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August 25, 2004
As Mutual Funds Prepare to Reveal Proxy Votes, Guideline Disclosure Acts as Acid Test
    by William Baue

Investor-friendly website accessibility to mutual funds' proxy voting guidelines may signal proxy voting record accessibility and investor-friendly proxy voting.

Concealment is the key to the power of secrets; the revelation of secrets turns this key, opening the door that had dammed this power behind it. This Tuesday, August 31, 2004, is the deadline for mutual funds to file form N-PX with the US Securities and Exchange Commission (SEC), disclosing how they voted the proxy ballots of the companies held in their portfolios. For all but a handful of progressive mutual funds, this will be the first time they are revealing their proxy voting records, allowing investors to assess for themselves whether the votes seem in the best interest of shareholders or not.

The SEC passed this new rule in January 2003, requiring disclosure not only of proxy voting records but also of guidelines that steer mutual fund proxy voting. The rule change resulted from rulemaking petitions filed in 2001 by socially responsible investment (SRI) firm Domini Social Investments as well as two unions. Domini published its proxy voting guidelines in 1992 and its proxy voting record in 1999, when such practice was unheard-of in the mutual fund industry.

While the SEC does not require mutual funds to post their guidelines and voting records on their websites (they must be made available by shareowner request and through the SEC Edgar website), the rule explicitly suggests this option. Such transparency can serve as a litmus test of how responsible and responsive mutual funds are to their current and prospective shareowners, according Nahla Durrani, managing director for social investment research at Institutional Shareholder Services (ISS).

"As far as ISS is concerned, we do reward transparency, and having the disclosure on the fund's actual website would act as a sign of engagement on the issue," Ms. Durrani told

While waiting for the disclosure of proxy voting records next week, Peter Kinder, founding president of SRI research firm KLD Research & Analytics, informally administered a litmus test on web-based proxy voting guideline disclosure. As his sample, he surveyed the Pensions & Investments (P&I) list of the top 50 performing funds, since these are widely held by retirement plans that scrutinize them closely. The 50 funds came from 20 different complexes, most from Fidelity (10) and Vanguard (8), whose CEOs railed against the rule on the eve of its passing in a prominent Wall Street Journal op-ed piece.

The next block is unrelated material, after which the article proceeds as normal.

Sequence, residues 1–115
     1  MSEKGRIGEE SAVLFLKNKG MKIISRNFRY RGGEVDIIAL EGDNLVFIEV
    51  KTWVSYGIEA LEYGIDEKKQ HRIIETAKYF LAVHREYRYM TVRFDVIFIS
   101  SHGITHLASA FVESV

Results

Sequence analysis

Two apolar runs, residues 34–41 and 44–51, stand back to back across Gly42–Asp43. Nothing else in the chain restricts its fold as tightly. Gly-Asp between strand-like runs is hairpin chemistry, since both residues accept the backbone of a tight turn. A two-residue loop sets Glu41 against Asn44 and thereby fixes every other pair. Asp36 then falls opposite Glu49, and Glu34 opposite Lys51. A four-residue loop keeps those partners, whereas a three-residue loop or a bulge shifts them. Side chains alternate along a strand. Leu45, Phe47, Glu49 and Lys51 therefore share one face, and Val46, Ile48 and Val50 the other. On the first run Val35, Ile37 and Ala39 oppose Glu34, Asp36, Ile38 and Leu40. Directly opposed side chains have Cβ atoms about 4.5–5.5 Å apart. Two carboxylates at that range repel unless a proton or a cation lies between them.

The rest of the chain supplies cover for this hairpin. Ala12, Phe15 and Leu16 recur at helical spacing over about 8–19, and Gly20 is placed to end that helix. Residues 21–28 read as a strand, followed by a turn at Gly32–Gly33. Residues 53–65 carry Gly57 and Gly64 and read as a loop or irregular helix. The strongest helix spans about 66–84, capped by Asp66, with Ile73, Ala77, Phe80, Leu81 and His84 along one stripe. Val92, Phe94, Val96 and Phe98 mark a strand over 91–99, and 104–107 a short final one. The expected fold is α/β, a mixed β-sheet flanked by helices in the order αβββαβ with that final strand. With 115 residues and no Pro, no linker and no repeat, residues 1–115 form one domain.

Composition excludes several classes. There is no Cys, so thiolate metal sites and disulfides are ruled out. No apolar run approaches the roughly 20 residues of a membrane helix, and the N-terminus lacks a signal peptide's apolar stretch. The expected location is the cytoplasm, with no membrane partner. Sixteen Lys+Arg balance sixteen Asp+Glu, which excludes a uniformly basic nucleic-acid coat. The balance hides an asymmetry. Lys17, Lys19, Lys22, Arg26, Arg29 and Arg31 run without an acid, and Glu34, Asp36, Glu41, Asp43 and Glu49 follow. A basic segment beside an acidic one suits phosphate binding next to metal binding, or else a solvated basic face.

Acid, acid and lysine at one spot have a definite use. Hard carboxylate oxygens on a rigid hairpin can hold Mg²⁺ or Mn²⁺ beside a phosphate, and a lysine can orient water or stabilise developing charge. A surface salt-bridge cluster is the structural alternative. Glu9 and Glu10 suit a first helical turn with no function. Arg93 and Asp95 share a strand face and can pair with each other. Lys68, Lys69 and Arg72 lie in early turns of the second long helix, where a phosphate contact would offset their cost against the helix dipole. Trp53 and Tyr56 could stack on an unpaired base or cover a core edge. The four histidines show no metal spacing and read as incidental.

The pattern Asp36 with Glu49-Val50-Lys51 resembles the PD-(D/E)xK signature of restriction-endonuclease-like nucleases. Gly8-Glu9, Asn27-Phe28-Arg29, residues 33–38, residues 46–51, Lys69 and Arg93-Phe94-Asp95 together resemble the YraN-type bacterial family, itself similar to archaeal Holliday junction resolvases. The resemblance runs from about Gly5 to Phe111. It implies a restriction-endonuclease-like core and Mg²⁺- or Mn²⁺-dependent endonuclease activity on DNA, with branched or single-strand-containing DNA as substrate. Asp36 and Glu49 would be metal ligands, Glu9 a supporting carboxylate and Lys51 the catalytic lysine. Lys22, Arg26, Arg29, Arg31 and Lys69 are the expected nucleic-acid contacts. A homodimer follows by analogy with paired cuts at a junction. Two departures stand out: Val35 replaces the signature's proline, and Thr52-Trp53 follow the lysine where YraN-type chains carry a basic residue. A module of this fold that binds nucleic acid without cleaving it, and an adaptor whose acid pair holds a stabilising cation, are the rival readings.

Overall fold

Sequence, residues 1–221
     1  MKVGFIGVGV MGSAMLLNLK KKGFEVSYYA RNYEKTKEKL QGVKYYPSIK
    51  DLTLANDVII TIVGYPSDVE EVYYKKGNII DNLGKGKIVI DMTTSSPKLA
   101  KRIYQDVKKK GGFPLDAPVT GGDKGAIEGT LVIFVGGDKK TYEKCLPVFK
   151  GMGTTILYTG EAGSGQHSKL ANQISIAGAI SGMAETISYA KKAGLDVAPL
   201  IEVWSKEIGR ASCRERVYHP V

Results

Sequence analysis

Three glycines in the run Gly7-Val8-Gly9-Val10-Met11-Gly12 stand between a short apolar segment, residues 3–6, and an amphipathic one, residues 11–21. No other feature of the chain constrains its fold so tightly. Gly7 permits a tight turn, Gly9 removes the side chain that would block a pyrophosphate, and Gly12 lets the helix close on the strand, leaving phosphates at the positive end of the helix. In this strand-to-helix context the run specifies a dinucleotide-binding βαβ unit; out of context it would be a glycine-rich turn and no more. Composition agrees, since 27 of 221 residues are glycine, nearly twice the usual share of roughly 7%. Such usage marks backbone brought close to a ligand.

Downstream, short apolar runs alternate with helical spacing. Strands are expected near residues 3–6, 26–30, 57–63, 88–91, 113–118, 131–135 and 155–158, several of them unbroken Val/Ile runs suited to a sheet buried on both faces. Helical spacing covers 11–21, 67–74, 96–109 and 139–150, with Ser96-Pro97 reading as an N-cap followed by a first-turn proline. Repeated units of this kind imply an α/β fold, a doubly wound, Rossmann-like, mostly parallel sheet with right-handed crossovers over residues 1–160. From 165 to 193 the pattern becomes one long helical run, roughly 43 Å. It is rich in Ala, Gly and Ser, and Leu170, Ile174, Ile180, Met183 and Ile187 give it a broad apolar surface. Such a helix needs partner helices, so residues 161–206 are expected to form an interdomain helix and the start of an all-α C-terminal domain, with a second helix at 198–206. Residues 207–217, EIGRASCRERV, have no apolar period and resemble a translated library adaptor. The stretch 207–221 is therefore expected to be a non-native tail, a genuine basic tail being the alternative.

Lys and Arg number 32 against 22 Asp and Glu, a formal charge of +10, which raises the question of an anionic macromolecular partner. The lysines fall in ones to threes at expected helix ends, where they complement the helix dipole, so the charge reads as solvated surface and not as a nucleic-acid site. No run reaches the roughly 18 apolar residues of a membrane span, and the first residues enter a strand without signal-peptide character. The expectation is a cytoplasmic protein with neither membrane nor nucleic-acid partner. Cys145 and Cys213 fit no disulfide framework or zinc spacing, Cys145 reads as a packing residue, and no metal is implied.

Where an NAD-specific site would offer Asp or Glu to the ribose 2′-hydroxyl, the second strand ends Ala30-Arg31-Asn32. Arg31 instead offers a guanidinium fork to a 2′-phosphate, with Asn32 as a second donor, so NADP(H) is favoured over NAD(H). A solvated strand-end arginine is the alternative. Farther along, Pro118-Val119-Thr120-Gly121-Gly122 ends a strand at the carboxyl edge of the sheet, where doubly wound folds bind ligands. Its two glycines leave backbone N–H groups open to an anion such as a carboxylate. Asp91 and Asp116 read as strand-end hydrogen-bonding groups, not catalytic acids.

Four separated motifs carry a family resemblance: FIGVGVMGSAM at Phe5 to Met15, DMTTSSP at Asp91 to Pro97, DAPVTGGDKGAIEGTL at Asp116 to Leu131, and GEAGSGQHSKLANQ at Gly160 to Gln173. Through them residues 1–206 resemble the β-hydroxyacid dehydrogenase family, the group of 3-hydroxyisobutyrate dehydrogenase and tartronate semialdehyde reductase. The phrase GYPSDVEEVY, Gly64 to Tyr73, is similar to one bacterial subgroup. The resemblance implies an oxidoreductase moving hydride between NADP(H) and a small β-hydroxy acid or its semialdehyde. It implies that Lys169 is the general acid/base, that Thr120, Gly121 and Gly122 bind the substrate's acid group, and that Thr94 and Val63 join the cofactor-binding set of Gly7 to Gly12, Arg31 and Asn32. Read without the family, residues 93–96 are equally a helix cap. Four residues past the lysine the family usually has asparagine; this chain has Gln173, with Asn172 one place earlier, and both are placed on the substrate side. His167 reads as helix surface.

As he was acting as an ordinary Joe considering investing in these mutual funds, Mr. Kinder did not register to gain access to restricted parts of the sites.

"I was surprised to find that the 20 websites divided themselves into two very distinct camps," Mr. Kinder told "One camp--the Fidelity camp--had a query function on the home page which quickly took you to the proxy guidelines, and were generally much more open to poking and prying."

"The other camp--the Vanguard camp--had no query function and, if the guidelines were on the site, offered no easy way for an unregistered visitor to find it," he added. "There seems to be no middle ground; sites either invite exploration or they march you through what they chose for you."

Mr. Kinder could not find guidelines for more than half (27) of the funds. It remains to be seen whether this opacity will apply to their proxy voting records as well.

It also remains to be seen whether such opacity will correlate with proxy voting records that seem poorly aligned with shareowner interests.

"It will be interesting to see how many fund complexes that say they evaluate social and environmental issues on an issue-by-issue basis end up voting in favor of such resolutions or if they vote with management," said Mr. Kinder.

Whether average investors will be able to access such information also remains to be seen. If companies do not include their proxy voting record on their website in any easily searchable format, investors will have to search via the SEC EDGAR website.

"No one apart from a professional investor and an especially dogged reporter is going to be able to find voting records without some real effort," said Mr. Kinder. "From a practical, if not a legal, standpoint, something's not public if it's not actively disclosed--as opposed to filed."

Ms. Durrani of ISS similarly draws a distinction between filing and reporting.

"Companies can report on issues such as environmental violations in their filings, but to really get to the meat of these issues, we look for additional environmental reports on companies websites," she said.

Ms. Durrani joined Anita Green, vice president of social research at SRI firm Pax World Funds, in recommending that investors limit their research by focusing on five key areas to assess mutual fund proxy voting align with their own values. These areas include annual director elections, separation of board chair and CEO positions, climate change, independent auditors, and board diversity.


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